There’s one mistake still being made though. The market is thinking that recession means rate cut – in the UK with inflation still at 10%, and core still well out of control at over 6%, there is no chance this is right. This is just how the problem has been dealt with in recent times. The central bank will, in my view, remain strong and keep raising rates to 5%+ if they need to, even in the event of recession. Their unspoken “hard stop” is not until 5.5% – 5.75% in my view, which I’ve pieced together from the Bank of England webinars, comments and Q and As, alongside the Bank’s MPC minutes.


In the US this is arguably even MORE true, but the funds rate is already at 5-5.25%, and this causes the US more problems because their debt as a percentage of their income is just so much higher. Their hard stop is a little short of that, I think, and that’s one reason why they hinted at a pause this week.


Let’s be clear – recession DOES mean rate cut, but it doesn’t mean immediate rate cut, and that’s the problem. Luckily for those of us that rely quite a lot on the 5-year bond yield, the UK curve does some really funny things – dropping to 3.6% or so for the 5-year (which puts cost of BTL debt at 5.5%+, a sensible range to plan for is 5.5%-7% depending on what sort of loan you might need/how quirky the building is), then coming right back up to nearly 4.2% on the 30-year yield (I’ll be honest, if I was a pension fund trustee or institutional asset manager, I would be absolutely smashing into that right now).


Why does the curve do that? The story is (according to the curve) – recession imminent, a cut in rates to stimulate the economy out of that recession, but then higher rates for the longer term because inflation will be endemic. That’s the story I read, anyway! I agree with parts of it; I’m not so sure the 5 year bond yield will stay this low, so let me make a statement I wish I’d been clearer about over the past few months:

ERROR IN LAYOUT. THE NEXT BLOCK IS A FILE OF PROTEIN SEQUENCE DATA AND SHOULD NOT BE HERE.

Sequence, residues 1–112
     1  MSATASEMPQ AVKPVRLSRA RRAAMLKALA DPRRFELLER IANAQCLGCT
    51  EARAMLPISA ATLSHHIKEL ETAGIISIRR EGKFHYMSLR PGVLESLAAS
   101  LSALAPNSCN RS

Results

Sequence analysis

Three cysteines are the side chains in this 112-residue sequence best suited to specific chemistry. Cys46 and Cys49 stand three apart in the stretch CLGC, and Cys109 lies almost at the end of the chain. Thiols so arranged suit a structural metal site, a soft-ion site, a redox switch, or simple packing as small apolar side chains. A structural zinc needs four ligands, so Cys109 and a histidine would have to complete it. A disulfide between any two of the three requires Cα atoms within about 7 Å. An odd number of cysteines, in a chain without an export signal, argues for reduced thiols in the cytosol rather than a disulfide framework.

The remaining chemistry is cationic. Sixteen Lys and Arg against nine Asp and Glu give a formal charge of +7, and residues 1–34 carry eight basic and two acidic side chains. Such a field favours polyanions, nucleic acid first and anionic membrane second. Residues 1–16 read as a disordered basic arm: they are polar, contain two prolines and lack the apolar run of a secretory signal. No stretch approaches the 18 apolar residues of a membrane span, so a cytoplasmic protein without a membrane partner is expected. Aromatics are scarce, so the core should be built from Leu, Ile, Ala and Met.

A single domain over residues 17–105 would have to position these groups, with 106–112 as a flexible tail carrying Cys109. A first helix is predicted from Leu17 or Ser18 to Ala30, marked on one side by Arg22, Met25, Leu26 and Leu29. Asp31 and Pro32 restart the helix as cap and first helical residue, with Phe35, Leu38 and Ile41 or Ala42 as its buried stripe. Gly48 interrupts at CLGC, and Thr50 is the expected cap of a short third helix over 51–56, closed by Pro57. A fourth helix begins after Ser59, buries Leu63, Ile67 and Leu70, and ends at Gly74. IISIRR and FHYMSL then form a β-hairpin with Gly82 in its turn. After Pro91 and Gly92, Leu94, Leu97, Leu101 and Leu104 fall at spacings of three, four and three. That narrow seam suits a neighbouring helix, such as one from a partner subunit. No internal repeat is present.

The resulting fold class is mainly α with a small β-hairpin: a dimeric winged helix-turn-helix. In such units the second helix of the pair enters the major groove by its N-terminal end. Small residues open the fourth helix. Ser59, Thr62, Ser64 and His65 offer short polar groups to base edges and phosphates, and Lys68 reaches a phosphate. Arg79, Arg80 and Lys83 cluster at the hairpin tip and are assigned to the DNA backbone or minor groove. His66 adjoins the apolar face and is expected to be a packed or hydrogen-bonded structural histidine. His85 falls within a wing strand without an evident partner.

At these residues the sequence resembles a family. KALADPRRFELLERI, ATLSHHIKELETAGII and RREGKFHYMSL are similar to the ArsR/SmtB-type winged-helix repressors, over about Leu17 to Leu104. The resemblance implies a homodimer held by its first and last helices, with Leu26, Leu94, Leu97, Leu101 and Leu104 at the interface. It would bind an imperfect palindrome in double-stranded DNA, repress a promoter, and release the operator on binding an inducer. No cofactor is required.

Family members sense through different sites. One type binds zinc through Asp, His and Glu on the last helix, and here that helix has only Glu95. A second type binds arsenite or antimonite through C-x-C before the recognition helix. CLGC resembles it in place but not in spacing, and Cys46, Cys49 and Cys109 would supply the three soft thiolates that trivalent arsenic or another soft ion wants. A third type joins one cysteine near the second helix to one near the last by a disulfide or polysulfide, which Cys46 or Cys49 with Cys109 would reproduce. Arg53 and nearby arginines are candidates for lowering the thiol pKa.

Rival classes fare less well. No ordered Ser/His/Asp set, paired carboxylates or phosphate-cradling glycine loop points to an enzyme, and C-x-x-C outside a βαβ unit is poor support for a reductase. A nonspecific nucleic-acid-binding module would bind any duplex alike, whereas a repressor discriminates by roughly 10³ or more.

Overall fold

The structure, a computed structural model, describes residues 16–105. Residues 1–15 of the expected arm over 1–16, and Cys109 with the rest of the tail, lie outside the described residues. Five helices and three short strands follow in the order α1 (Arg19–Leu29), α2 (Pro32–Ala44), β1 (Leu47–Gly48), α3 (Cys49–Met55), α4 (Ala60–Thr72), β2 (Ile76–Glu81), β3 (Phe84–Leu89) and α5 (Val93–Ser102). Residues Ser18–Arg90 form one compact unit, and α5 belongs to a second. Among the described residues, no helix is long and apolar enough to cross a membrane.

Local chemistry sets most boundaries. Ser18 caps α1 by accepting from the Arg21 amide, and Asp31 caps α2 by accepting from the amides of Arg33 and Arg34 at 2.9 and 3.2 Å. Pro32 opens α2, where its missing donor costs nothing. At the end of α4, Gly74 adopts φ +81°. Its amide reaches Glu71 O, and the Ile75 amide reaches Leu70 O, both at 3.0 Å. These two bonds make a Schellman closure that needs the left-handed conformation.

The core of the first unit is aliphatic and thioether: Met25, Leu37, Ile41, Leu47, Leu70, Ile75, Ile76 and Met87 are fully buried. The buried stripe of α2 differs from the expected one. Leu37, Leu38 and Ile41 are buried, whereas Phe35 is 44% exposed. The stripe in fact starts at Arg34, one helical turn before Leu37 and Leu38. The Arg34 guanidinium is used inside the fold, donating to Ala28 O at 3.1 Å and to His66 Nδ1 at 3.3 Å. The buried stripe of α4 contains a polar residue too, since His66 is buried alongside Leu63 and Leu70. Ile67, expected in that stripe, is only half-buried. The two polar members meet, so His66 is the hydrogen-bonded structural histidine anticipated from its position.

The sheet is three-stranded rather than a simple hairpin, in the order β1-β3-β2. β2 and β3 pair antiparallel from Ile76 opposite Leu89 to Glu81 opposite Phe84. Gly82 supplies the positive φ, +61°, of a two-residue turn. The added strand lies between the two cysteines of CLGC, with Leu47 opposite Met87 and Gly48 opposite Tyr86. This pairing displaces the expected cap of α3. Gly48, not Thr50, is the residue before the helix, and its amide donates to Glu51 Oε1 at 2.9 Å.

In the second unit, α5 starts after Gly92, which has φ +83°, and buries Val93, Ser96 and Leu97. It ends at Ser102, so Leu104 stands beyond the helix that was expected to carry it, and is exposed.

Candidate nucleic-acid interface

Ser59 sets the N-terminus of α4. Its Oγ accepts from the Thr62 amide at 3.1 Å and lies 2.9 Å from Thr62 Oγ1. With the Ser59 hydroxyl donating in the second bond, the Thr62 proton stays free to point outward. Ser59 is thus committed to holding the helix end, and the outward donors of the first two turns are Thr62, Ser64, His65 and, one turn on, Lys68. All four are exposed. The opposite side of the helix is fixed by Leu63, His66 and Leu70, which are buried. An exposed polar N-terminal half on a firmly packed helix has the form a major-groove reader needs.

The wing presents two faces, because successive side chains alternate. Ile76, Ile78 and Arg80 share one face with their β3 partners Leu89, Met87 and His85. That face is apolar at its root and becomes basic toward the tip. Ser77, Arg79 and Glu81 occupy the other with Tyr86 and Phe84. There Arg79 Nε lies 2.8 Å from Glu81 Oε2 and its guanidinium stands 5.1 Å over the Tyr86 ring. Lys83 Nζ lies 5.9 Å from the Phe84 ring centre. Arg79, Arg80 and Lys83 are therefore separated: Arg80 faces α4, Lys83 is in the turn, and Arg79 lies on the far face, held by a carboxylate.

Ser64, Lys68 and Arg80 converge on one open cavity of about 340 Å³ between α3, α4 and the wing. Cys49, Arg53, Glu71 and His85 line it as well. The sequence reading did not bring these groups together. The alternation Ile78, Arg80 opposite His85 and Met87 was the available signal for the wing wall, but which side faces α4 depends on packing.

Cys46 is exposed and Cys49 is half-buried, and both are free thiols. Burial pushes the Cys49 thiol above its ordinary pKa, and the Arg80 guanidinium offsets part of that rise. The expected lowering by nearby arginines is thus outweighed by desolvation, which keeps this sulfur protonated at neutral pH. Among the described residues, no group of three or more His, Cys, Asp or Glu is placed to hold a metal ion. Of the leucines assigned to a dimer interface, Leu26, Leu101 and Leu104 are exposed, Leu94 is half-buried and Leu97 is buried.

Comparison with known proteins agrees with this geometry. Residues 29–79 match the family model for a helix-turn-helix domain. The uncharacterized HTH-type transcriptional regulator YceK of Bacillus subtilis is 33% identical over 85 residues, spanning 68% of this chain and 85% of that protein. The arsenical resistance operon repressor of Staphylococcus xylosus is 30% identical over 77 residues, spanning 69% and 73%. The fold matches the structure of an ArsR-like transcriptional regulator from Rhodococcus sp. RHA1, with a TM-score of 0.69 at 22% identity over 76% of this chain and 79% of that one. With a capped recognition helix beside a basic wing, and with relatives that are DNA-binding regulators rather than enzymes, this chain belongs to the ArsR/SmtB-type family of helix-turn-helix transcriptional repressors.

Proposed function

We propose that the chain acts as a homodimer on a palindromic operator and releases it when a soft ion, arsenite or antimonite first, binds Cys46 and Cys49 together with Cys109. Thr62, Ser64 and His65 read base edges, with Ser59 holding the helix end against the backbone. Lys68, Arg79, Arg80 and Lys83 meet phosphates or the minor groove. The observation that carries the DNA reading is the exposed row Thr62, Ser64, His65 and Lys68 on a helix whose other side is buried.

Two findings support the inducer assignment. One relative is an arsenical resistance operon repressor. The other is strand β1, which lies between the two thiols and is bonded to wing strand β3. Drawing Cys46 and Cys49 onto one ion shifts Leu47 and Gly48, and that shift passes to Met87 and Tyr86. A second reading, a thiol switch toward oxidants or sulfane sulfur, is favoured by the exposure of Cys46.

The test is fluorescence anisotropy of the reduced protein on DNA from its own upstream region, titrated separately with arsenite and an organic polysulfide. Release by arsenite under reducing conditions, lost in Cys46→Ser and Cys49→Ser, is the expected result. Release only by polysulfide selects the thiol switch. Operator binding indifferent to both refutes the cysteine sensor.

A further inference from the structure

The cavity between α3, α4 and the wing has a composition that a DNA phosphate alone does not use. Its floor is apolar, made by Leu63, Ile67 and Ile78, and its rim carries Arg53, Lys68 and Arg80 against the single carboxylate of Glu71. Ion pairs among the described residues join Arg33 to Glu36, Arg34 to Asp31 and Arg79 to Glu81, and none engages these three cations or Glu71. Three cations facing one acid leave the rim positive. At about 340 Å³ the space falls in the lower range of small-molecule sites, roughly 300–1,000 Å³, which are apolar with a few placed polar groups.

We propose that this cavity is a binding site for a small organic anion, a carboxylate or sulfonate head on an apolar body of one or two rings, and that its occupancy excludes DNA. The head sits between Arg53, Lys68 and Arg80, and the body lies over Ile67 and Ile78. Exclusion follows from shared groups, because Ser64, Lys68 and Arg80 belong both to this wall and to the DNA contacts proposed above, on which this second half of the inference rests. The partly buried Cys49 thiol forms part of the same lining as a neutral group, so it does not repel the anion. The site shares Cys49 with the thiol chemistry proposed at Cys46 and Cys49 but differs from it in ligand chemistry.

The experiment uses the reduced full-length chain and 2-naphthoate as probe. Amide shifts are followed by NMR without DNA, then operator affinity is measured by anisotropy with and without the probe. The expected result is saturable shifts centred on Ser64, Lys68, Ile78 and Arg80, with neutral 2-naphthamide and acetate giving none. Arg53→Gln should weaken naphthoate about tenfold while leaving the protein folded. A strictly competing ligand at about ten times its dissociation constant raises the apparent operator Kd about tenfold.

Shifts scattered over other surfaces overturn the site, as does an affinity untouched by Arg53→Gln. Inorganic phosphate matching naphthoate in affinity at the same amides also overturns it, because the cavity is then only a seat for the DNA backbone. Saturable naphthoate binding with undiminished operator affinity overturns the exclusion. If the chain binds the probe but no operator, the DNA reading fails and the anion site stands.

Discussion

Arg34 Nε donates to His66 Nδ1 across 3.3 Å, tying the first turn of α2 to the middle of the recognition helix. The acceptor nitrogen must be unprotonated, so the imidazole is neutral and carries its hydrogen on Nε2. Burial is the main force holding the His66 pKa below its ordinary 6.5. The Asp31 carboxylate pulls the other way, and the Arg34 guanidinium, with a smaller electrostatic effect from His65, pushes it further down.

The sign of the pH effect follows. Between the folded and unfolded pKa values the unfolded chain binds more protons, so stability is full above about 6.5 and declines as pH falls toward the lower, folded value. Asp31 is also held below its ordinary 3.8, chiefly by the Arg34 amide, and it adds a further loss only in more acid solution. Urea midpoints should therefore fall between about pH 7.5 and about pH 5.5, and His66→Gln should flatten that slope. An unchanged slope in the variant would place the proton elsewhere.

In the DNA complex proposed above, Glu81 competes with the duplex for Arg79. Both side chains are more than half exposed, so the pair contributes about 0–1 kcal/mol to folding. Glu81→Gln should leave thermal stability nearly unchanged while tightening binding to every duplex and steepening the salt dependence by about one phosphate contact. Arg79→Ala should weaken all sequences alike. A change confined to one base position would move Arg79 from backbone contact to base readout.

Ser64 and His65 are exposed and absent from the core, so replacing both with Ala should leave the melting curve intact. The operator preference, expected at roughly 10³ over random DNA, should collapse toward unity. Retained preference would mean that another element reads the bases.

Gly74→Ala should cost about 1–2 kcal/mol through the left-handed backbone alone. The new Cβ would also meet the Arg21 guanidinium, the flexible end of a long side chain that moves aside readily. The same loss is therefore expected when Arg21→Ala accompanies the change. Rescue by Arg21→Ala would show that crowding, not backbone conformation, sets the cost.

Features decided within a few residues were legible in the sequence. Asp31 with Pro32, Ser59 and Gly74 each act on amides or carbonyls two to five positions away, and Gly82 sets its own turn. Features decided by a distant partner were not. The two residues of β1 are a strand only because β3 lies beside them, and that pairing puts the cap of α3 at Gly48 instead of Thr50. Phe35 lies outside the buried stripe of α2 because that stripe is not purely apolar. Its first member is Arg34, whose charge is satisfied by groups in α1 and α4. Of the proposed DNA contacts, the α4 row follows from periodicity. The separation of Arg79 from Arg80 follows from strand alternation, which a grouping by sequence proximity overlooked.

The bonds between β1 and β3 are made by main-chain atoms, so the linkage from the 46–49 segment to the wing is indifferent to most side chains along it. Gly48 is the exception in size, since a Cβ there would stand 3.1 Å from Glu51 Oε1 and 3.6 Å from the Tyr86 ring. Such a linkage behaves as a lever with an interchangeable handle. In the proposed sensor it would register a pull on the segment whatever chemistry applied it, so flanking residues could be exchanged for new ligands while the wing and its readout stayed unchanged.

There’s a live chance of 5%+ base right now, and a lot depends on the progress of the economy. We are in a perverse situation where we almost want a recession, although we are feeling the same consequences anyway in many ways. Everyone is poorer – like it or not – in purchasing power terms, unless you’ve managed a 25%+ pay/compensation increase in the past 18 months or so. Businesses sell less at higher prices and may see increases of earnings – generally – but those increases do not keep pace with inflation either. 


The chance of that base rate hinges on other economic performances, and if we look back to the US who release inflation figures next week, they released job data last week. The figure, which came back at over 250,000 new jobs created, continued to confound forecasters who thought that there had been a significant slowdown. Unemployment ticked back to only 3.4% in the US, and this means that rate rises are more likely in the short term, not less.